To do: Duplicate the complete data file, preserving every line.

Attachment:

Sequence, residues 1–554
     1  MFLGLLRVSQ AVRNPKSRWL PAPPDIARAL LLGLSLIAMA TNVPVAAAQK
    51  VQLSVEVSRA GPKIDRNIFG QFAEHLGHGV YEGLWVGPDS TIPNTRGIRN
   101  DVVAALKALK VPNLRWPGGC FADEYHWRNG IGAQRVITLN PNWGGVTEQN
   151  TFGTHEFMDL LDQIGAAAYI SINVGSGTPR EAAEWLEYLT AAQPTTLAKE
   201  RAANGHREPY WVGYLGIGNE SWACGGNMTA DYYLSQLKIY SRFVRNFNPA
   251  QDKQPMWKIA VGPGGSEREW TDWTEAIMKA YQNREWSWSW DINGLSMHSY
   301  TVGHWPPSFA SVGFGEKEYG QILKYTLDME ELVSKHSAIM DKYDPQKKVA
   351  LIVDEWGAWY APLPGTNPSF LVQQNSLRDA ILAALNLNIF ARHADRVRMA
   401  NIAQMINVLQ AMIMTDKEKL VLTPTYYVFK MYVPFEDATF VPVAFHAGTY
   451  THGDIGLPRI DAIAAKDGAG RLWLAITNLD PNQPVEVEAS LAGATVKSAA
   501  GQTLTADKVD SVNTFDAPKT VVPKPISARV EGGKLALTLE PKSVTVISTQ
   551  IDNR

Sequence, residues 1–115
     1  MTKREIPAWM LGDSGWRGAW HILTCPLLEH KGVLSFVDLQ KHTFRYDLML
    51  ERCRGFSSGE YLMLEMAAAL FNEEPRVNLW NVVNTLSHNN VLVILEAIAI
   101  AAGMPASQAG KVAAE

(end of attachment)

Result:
Sequence, residues 1–554
     1  MFLGLLRVSQ AVRNPKSRWL PAPPDIARAL LLGLSLIAMA TNVPVAAAQK
    51  VQLSVEVSRA GPKIDRNIFG QFAEHLGHGV YEGLWVGPDS TIPNTRGIRN
   101  DVVAALKALK VPNLRWPGGC FADEYHWRNG IGAQRVITLN PNWGGVTEQN
   151  TFGTHEFMDL LDQIGAAAYI SINVGSGTPR EAAEWLEYLT AAQPTTLAKE
   201  RAANGHREPY WVGYLGIGNE SWACGGNMTA DYYLSQLKIY SRFVRNFNPA
   251  QDKQPMWKIA VGPGGSEREW TDWTEAIMKA YQNREWSWSW DINGLSMHSY
   301  TVGHWPPSFA SVGFGEKEYG QILKYTLDME ELVSKHSAIM DKYDPQKKVA
   351  LIVDEWGAWY APLPGTNPSF LVQQNSLRDA ILAALNLNIF ARHADRVRMA
   401  NIAQMINVLQ AMIMTDKEKL VLTPTYYVFK MYVPFEDATF VPVAFHAGTY
   451  THGDIGLPRI DAIAAKDGAG RLWLAITNLD PNQPVEVEAS LAGATVKSAA
   501  GQTLTADKVD SVNTFDAPKT VVPKPISARV EGGKLALTLE PKSVTVISTQ
   551  IDNR

Sequence, residues 1–115
     1  MTKREIPAWM LGDSGWRGAW HILTCPLLEH KGVLSFVDLQ KHTFRYDLML
    51  ERCRGFSSGE YLMLEMAAAL FNEEPRVNLW NVVNTLSHNN VLVILEAIAI
   101  AAGMPASQAG KVAAE